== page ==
STOP! Don't say that.
When I’m not heading up A Creative Culture I manage the Marketing Department at a Publishing Company in Las Vegas, NV. One of our clients, Nicholas Boothman international bestselling author of How to Make People Like You in 90 Seconds Or Less, has a question he poses at conferences, “How long do you think it takes for you to decide if you like someone?”
Oftentimes the audience thinks about it and starts shouting out, ‘2 minutes!’ ‘About 5 minutes!’ ‘Maybe an hour of conversation?’
To which Nick responds with, “So you’re telling me, if some stranger was walking up your driveway, it would take you an hour of conversation to figure out if you like them or not?”
Definitely not. We all make snap judgments about others, whether we realize it or not. So much of this isn’t based on their appearance or clothing choices. It’s based on their mannerisms, their vocabulary and their level of eye contact / smiling.
Now, this can be a HUGE conversation about how to revamp your exterior in order to make a stellar first impression, but I’ll let Nick Boothman cover that (if you want to check out his book you can find it here - NicholasBoothman.com)
What I want to focus on is our vocabulary. Especially the verbiage we use when we’re communicating via email or social media.
5 verbal habits to remove from your vocabulary today:
1. Remove the frequency of the word ‘just’ – “Hi there, I’m just reaching out to see if you’re available for a phone call next week? Just write me back at your convenience. I’ll be here just waiting.” That’s a bit extreme, but you see what I mean? The person crafting that note comes across as weak and incapable. Reading that email does not instill an automatic, healthy respect for the one receiving and thus moves to the bottom of their to-do list.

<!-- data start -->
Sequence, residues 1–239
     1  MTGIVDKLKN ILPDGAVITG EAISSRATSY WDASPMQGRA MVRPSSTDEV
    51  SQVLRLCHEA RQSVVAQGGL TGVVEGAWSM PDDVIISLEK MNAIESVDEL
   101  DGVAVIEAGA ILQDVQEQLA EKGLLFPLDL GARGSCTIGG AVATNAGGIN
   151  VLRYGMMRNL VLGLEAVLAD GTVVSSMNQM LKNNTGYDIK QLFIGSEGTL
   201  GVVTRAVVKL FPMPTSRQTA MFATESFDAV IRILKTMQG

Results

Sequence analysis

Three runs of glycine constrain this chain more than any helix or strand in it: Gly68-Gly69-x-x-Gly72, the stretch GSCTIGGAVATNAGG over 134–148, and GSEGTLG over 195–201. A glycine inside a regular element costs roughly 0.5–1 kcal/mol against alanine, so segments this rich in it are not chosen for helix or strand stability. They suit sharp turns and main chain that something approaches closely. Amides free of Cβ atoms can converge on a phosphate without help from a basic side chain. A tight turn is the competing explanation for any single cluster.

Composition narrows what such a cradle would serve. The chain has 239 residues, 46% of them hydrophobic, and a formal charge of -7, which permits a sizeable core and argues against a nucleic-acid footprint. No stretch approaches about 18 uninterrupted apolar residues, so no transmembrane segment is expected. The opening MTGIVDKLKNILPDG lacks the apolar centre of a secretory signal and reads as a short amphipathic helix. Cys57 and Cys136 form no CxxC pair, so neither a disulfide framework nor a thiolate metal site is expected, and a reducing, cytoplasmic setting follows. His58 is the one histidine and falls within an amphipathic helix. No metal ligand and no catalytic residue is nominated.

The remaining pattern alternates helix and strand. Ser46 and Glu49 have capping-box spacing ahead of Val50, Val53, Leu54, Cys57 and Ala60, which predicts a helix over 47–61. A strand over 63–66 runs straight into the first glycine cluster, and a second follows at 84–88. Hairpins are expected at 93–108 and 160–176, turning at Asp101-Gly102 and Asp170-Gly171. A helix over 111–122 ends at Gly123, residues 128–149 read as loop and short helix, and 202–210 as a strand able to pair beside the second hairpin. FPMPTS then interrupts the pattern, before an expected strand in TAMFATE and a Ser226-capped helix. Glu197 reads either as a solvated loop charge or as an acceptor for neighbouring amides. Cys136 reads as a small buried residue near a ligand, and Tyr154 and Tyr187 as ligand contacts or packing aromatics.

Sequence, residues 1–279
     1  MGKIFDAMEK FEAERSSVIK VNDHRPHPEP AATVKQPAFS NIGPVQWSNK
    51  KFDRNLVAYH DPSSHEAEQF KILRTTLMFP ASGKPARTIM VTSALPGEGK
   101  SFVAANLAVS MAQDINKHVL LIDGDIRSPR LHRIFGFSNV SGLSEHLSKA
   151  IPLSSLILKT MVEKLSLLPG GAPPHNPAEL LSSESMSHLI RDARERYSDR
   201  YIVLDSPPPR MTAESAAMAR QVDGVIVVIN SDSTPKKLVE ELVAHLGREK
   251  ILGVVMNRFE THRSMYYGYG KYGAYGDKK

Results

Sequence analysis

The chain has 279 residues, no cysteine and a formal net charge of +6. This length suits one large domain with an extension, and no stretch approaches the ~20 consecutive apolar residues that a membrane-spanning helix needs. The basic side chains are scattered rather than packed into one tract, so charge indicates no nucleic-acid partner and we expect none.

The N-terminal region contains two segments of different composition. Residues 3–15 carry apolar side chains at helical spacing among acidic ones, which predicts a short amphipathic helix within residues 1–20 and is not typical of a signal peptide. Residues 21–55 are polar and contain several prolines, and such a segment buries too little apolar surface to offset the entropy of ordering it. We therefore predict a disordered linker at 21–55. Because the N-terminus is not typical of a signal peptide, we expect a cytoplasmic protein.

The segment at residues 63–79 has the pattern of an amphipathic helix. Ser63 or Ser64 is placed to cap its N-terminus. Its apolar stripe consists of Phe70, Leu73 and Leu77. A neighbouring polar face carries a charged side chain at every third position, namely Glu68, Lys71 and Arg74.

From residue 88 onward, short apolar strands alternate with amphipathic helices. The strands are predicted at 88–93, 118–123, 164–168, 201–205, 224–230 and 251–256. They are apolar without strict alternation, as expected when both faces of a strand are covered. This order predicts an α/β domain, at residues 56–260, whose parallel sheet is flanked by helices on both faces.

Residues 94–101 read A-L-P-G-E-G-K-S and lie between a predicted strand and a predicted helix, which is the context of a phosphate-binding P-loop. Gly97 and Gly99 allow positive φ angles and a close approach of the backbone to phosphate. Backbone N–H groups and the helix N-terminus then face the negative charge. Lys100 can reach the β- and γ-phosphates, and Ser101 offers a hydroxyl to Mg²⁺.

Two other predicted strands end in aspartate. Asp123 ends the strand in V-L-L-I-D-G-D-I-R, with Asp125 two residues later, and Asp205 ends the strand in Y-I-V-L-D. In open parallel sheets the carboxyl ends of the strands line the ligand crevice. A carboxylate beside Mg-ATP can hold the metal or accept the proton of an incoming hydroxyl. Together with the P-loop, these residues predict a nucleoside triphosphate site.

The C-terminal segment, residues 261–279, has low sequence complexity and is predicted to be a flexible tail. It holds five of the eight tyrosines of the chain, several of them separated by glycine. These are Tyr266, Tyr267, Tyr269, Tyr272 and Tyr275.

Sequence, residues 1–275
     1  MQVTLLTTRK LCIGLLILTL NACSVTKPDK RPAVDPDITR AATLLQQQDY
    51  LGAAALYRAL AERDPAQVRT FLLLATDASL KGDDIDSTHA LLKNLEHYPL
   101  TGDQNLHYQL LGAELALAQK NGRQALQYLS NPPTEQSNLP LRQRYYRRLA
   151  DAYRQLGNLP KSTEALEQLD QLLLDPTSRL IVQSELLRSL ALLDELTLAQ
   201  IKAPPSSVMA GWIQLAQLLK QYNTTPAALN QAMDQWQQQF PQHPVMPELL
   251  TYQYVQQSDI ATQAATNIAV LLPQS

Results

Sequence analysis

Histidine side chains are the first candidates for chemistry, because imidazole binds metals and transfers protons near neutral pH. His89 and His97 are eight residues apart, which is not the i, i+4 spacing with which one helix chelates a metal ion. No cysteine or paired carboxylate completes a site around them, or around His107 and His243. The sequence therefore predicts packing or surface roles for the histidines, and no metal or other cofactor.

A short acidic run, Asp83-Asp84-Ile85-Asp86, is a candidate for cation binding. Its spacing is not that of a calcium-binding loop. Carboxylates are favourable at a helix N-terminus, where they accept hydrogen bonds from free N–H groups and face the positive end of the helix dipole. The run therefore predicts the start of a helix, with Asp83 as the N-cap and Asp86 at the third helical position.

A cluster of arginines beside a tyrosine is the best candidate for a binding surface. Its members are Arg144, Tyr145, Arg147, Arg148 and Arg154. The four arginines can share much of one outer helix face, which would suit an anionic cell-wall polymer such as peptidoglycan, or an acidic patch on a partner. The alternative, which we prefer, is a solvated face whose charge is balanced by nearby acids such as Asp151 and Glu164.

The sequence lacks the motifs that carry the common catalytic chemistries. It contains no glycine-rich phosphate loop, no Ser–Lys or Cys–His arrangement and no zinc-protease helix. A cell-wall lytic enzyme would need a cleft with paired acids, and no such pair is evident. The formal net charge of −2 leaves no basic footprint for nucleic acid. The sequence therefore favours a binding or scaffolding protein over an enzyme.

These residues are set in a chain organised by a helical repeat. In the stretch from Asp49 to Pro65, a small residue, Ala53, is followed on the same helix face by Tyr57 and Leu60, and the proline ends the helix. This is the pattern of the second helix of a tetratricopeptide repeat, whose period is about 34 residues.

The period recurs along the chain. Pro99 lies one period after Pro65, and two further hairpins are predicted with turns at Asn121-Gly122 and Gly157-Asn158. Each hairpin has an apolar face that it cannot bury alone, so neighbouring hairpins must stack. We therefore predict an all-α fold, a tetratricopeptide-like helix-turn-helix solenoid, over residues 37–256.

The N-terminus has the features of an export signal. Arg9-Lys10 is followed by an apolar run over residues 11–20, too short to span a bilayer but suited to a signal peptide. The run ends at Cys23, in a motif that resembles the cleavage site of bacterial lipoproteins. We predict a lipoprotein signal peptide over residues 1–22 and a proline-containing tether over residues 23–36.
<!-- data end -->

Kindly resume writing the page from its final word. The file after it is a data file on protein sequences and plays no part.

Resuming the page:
When you are asking for something be confident! Tell them why you’re writing, what you would like, and how you will be following up.
“Hi there, I’m reaching out to see when you’re available for a call next week. I have an opening Wednesday at 2pm..” See what an improvement that was? JUST let ‘just’ go.
2. Stop the idiot preface – So many people, women especially, start off a thought by disclaiming it. “Well, I think something we can do-- and this might be absolutely stupid so feel free to tell me I’m being ridiculous, I don’t even know if I like this idea-- is to try…” Do you think the next piece of that sentence is going to be received and respected?
Try proceeding with confidence when you are proud of what you have to say. Sometimes prefacing a statement is tactful and should be done when necessary, but not as a default. Be bold!
3. Stop apologizing – This is an important one that most of us don’t realize we’re doing. Now, of course, there is a time and a place to apologize. That’s not what we’re talking about. I’m pointing out those times when you were no-way in the wrong but opted to say, “Oh I’m so sorry! I’ll help.” or “Oops sorry that’s not what I mean to say.” and so on.
The sentence would hold more weight if you were to say, “Correction: (insert what you meant to say here.)” it was calm, collected and confident. I would stop and listen to that person. Apologizing unnecessarily can make someone appear to be bumbling, and that’s never the effect we want to have.
4. Change the tense of your words – This is a biggee. I see this one a lot via email. Someone will contact me and say, “I wanted to reach out and ask if you would be available for..” or “I was wondering if you can..”
Sooo.. you were wondering about this, but now you’re not? No! You are currently asking me a question about something you want NOW. Make it known. “I’m reaching out to ask if you’re available for..”
(I also see this one paired with #1 a lot ‘just.’ i.e. “I was just wondering if..” Stop that, missy!)
5. The constant state of 'busy' – I think we can all own up to this one. A friend calls you to catch up and when they ask how you’ve been you do a *heavy sigh* and say, “Oh busy.. just super busy with everything.” To live a life full of intention and be the people we want to be, it’s important to remain present. To remember what we’ve done, be proud of our everyday accomplishments, and relish in our little-moment memories. (I go into this in detail HERE.) Being in this state, and omitting the busy response, will help blow open conversation and connection with others.
Try saying this instead:
“I am in a state of passionately pursuing my priorities. Let me tell you about them!”
Wow! That sounds awesome, tell me more!
(Want to spread the anti-busy message? Pin this graphic!)
Are you a ‘just’ offender? Do you preface your ideas with a disclaimer? Are you always ‘busy’?
Which of these are you currently working on? OR do you have another suggestion? I’d love to hear!